The cast and crew of “Euphoria” were all set to start production on Season 2 of the breakout HBO hit when the coronavirus pandemic forced everyone to stop in their tracks. Fortunately, creator and director Sam Levinson had a plan.
“I had a feeling that the pandemic was going to shut us down for a while leading up to it because I was watching what was happening to the rest of the world. So the day they called to shut us down, I actually pitched the idea of doing a super contained ‘Euphoria’ movie, and if not that, then multiple character studies. And HBO said, ‘I think we should all just go home and stay inside for six weeks!’” Levinson told GQ in an interview last year.
After shooting the Netflix movie “Malcolm & Marie” with his “Euphoria” collaborators Zendaya and cinematographer Marcell Rev, Levinson returned to the idea of building out the “Euphoria” world via standalone specials. The result ended up being the two-part bridge to Season 2, special episodes focused on Rue (Zendaya) and Jules (Hunter Schafer). Shot during the coronavirus pandemic, the specials represented a visual departure from the show’s flashy first season with the episodes focused on one or two characters in a single location rather than multiple people in a variety of places.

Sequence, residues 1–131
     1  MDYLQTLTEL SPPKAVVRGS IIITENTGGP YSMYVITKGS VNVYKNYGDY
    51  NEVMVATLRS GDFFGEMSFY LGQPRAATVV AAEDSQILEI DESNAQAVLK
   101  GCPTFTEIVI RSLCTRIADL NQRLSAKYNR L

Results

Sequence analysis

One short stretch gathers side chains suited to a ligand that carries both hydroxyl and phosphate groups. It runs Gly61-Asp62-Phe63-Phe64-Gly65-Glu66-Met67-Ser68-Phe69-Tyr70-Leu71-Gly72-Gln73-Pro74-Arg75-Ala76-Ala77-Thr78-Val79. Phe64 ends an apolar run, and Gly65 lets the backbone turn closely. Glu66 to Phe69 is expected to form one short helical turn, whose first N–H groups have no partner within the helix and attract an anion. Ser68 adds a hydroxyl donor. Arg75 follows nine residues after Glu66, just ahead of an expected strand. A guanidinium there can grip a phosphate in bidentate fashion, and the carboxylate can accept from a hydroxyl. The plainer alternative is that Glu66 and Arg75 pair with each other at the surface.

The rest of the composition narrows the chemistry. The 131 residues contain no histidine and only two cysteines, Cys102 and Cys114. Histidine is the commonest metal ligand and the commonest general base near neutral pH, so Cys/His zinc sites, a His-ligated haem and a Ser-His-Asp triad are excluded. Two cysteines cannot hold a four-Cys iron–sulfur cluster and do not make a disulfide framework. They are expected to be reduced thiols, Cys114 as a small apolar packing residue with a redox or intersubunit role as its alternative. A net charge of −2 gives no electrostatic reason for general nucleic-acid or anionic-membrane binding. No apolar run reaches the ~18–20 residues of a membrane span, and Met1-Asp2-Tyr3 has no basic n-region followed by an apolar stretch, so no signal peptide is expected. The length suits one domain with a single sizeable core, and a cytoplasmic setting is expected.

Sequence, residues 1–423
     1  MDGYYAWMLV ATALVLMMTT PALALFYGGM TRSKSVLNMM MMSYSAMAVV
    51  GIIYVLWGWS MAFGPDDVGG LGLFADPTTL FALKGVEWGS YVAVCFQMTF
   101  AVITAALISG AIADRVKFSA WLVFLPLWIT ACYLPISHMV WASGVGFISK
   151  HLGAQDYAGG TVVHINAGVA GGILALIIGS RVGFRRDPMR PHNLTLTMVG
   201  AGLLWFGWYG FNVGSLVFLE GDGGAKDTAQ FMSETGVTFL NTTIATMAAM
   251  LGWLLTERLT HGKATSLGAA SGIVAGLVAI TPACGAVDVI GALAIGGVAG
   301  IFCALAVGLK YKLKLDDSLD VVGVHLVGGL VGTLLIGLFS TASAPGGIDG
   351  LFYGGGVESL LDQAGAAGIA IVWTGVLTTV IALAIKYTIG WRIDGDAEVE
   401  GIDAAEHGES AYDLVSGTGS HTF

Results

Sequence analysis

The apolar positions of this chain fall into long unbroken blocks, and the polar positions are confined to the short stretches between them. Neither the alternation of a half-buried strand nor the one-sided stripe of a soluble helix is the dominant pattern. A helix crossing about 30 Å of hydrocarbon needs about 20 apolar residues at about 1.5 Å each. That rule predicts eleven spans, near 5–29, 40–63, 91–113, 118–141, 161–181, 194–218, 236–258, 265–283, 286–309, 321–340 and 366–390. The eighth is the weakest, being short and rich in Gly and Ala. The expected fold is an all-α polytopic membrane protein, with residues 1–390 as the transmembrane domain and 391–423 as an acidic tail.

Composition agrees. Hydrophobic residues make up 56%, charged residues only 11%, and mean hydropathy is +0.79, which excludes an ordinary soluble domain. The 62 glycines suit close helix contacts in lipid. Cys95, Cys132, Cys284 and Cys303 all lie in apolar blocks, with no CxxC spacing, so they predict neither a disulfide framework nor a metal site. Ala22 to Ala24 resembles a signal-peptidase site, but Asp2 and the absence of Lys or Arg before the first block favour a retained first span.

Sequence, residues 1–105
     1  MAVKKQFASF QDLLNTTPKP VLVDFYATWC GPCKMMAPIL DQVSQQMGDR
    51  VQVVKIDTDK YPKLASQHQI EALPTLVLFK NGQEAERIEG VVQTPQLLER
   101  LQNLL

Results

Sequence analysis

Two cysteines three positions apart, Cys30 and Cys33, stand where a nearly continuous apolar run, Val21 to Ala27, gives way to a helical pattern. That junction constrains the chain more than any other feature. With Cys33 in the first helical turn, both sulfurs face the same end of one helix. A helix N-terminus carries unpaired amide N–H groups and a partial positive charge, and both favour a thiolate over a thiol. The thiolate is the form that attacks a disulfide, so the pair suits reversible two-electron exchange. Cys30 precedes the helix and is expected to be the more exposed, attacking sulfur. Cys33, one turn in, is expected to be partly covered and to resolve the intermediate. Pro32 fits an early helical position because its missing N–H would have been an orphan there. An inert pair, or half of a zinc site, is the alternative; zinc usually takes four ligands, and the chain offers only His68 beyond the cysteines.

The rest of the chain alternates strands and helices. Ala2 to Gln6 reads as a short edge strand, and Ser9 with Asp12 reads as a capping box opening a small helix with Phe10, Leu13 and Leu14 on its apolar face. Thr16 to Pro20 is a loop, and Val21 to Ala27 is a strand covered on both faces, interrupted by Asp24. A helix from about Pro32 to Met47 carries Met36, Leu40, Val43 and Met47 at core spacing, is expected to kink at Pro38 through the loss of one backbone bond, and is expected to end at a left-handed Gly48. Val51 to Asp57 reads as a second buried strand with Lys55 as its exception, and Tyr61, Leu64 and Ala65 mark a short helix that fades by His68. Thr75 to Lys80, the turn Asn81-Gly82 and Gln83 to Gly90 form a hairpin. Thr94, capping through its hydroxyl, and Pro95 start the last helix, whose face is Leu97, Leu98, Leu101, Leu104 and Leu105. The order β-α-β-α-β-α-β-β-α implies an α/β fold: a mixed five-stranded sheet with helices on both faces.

“These were written for this special situation so we had to go simple, but in a way, it helped us free our minds from everything we experimented with in the first season and I think it really helped us — allowed us to do something completely different,” Rev tells Gold Derby during the Meet the BTL Experts: Cinematographers panel. “We had to strip down our tools. It’s a limited toolset that we were working with and that allowed us a certain freedom to dig deeper.”
Calling it “a big shift in terms of style and focus,” Rev says the special episodes helped him better clarify what the show should look like in Season 2 and beyond.
Rev has worked with Levinson multiple times, but the specials — particularly the episode focused on Rue and Ali (Colman Domingo) — afforded him the chance to experiment and allow the performances to inform some of the visual choices. The Rue episode, for instance, is a two-hander that ends with a striking sustained shot of Zendaya’s face. Rev’s camera pushes in on the actress while subtlety zooming out at the same time.
“It’s all about the performance. First things first, you have to have those performances in order to be able to do anything visually,” he says. “That push-in at the end works because she gave such an incredible performance before that it actually means something to push in on her face later.”
Watch the exclusive video interview with Rev above. “Euphoria” is streaming on HBO Max.
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